Review: Rock Paper Scissors - Dean Jones feat. the Felice Brothers

RockPaperScissors.JPGThis is the noisiest kids' CD you'll hear all year. Dean Jones, musician with a dozen hats (including one as the ringleader of the wonderful folk/pop/jazz/whatever band Dog on Fleas), turns to a bunch of friends, primarily the Felice Brothers and Earmight, for his latest album Rock Paper Scissors. Unlike his first solo kids' disk, the lullaby(-ish) Napper's Delight, this new album is loud and sloppy and all over the place. (If the two albums are in the same place at the same time, they will explode, just as if you put matter and anti-matter together.)

The opening track, "Hail! Hail! The Gang's All Here!" outdoes Dan Zanes and anybody else who's ever attempted to put a party group jam on record. You will not hear a better album-opener all year, and the album almost suffers from being unable to match that level of energy and raucous joy the rest of the disk, as if anything could. As the album proceeds, Jones and his pals move from the jazzy title track, the Jazz Age novelty track (in spirit, anyway) "Butterflies" to the sing-it-loud-and-proud midtempo "Sing Like a Sparrow." Jones pal Uncle Rock shows up to mug his way through the loudest song about snoring you'll ever hear "Roncando," while the band channels a little bit of the great band Morphine on "Poison Ivy." It moves through many emotions and many instruments (haven't seen "car-horn-o-phone" on an instrument list lately). While this isn't quite the folk/pop that Dog on Fleas mastered on When I Get Little, people who adored that album and didn't have quite the attachment to its follow-up Beautiful World will probably find this a worthy successor.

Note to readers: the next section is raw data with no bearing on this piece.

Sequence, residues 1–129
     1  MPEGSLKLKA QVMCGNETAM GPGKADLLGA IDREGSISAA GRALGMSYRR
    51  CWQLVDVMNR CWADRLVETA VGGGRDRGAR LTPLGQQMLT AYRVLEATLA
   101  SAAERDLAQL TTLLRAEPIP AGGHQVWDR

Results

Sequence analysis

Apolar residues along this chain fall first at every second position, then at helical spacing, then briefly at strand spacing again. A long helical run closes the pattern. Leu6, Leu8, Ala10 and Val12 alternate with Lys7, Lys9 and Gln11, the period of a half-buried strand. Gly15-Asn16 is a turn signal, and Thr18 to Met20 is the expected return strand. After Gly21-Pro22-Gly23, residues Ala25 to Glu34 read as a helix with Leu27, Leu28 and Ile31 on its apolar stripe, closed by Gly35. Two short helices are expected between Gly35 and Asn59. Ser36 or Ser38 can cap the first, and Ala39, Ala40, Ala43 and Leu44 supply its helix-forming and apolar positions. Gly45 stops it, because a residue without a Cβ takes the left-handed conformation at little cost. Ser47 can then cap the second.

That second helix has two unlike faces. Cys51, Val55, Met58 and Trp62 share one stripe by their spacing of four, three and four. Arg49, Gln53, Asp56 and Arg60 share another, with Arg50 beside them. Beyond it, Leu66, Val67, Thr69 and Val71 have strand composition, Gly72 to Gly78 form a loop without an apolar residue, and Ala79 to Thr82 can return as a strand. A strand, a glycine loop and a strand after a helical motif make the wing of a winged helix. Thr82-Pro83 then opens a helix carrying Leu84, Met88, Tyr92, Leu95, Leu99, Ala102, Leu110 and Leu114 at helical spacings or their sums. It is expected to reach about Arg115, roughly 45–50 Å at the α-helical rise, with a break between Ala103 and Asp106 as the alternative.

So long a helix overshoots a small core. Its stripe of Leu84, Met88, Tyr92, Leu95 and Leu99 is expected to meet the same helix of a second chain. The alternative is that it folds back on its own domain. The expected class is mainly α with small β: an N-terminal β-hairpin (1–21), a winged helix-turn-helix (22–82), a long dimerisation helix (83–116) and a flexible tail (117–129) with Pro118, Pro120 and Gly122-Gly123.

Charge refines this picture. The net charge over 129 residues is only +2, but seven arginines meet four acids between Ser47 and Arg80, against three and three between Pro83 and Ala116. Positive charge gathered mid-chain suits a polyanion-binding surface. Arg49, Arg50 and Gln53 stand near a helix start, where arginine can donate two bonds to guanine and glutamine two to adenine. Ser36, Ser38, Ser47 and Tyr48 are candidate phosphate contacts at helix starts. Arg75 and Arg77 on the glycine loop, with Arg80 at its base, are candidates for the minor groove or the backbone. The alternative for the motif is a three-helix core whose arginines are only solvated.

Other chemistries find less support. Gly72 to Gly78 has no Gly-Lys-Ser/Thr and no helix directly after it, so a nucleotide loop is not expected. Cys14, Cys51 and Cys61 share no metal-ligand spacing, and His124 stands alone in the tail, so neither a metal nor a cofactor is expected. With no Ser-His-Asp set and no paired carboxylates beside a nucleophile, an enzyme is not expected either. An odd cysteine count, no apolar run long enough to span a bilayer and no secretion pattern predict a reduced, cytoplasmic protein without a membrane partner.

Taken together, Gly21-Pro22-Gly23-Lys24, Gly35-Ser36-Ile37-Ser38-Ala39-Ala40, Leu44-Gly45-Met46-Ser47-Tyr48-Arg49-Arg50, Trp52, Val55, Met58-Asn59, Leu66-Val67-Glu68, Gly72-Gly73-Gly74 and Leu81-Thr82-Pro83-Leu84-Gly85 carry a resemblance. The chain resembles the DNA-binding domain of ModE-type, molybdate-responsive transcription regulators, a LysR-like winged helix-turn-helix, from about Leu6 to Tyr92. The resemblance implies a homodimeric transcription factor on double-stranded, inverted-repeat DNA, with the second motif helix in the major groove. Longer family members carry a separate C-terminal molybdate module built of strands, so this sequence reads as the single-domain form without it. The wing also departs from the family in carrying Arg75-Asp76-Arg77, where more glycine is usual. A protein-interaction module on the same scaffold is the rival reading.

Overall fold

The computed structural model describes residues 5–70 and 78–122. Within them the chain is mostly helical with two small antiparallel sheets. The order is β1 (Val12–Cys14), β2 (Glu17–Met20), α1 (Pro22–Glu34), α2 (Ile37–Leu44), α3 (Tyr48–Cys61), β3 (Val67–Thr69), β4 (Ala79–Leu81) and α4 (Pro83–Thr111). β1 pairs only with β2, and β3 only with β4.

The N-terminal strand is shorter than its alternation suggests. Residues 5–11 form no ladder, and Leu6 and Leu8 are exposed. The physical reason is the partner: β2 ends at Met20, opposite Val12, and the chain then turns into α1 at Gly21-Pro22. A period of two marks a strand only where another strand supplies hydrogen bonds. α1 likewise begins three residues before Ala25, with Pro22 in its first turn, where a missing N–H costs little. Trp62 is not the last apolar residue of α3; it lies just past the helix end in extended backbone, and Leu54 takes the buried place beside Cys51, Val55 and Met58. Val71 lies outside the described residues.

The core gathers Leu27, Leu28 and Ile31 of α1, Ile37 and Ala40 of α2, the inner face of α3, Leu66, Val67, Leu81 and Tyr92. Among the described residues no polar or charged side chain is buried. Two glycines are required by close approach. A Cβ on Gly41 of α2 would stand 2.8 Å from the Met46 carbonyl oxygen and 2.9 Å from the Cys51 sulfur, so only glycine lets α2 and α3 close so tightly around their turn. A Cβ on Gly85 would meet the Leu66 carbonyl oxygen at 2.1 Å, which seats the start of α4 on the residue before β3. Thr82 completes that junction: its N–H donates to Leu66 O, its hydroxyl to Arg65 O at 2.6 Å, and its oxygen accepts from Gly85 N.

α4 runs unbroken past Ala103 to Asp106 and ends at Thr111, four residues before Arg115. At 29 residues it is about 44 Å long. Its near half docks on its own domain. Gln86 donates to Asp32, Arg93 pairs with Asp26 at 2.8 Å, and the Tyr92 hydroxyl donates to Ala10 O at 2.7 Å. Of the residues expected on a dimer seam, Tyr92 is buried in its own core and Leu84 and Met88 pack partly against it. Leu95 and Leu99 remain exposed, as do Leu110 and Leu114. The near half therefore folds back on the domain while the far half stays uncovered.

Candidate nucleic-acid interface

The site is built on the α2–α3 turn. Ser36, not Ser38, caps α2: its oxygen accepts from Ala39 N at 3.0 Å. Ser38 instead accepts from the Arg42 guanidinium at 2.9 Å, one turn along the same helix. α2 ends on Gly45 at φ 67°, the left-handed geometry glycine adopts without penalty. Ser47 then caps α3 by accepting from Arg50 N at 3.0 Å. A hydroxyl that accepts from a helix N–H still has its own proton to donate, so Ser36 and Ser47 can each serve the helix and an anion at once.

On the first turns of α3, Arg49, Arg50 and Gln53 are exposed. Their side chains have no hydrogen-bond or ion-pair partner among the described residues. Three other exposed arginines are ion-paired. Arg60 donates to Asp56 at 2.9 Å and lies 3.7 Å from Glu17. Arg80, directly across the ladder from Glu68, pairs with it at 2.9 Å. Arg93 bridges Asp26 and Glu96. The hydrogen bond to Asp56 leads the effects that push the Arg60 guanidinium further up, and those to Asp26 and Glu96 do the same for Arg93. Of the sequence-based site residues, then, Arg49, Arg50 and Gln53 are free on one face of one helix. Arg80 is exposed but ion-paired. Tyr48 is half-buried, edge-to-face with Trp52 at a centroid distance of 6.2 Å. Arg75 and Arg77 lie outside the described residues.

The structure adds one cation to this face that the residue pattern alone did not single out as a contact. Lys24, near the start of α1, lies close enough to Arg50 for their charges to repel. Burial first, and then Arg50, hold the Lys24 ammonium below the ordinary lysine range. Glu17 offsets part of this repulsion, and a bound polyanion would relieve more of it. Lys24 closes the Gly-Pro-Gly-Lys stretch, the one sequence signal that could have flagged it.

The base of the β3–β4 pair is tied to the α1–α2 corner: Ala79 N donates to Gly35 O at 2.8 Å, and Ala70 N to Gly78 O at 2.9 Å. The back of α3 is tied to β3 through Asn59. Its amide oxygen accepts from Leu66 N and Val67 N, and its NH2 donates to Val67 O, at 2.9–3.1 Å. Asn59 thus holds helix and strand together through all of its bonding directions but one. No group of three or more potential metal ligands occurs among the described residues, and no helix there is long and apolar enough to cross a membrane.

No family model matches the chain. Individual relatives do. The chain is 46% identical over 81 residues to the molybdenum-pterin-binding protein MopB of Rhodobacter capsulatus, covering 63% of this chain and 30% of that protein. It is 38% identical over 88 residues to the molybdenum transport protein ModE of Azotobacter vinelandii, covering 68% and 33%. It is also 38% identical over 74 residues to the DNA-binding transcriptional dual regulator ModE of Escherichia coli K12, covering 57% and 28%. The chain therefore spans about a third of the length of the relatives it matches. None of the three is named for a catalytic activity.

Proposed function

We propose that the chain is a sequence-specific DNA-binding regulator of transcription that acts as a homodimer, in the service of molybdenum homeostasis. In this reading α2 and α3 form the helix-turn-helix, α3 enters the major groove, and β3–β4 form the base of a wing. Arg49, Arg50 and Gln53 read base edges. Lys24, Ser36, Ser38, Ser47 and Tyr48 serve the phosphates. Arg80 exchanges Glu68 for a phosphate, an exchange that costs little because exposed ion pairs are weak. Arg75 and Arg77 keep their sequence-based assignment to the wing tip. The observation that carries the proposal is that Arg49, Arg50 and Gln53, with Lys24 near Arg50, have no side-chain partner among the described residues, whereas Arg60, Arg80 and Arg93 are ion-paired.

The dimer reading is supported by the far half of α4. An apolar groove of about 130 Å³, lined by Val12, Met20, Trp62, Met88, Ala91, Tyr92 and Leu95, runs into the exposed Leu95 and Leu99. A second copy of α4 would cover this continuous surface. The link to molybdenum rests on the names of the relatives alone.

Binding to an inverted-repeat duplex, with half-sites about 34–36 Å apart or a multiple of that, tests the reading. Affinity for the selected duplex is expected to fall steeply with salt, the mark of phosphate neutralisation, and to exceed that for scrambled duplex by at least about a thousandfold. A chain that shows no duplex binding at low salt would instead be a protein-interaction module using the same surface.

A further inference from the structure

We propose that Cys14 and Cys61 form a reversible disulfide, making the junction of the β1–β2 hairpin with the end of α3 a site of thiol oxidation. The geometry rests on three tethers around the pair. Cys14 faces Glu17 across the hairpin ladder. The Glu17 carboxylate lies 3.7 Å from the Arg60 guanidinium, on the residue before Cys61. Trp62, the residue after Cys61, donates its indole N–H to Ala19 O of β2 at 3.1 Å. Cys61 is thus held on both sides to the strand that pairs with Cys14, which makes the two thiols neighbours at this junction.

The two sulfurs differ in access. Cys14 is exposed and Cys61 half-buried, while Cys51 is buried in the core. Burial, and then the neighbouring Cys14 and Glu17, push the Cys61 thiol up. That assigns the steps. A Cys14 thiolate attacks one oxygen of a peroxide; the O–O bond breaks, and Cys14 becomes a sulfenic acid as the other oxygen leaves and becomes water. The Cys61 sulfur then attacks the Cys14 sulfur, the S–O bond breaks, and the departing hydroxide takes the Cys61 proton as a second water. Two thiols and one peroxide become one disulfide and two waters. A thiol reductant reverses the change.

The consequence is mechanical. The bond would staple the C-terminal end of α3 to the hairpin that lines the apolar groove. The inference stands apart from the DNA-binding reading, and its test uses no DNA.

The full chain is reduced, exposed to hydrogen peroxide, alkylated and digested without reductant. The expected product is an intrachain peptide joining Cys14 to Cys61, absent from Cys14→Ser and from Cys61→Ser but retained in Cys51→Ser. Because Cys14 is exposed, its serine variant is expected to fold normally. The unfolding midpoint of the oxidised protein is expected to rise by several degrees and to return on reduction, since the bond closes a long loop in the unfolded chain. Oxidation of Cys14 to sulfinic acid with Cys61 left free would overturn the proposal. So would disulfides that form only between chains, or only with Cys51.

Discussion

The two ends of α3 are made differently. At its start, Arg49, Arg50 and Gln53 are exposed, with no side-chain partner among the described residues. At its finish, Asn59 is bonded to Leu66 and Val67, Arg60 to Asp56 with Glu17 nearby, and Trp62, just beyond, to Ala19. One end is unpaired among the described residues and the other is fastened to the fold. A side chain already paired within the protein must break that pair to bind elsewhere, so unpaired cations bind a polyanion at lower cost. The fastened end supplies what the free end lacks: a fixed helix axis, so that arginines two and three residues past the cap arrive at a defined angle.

Kids ages 4 through 8 may dig the album more so than kids of other ages, though kids ages 34 through 38 will enjoy it just as much. You can hear clips from the approximately 34-minute album here.

So, yeah, Dean Jones throws in everything but the kitchen sink on Rock Paper Scissors, and then goes ahead and throws in the sink for good measure. Lots of kids albums describe themselves as a good party, but this album is the real deal. Definitely recommended.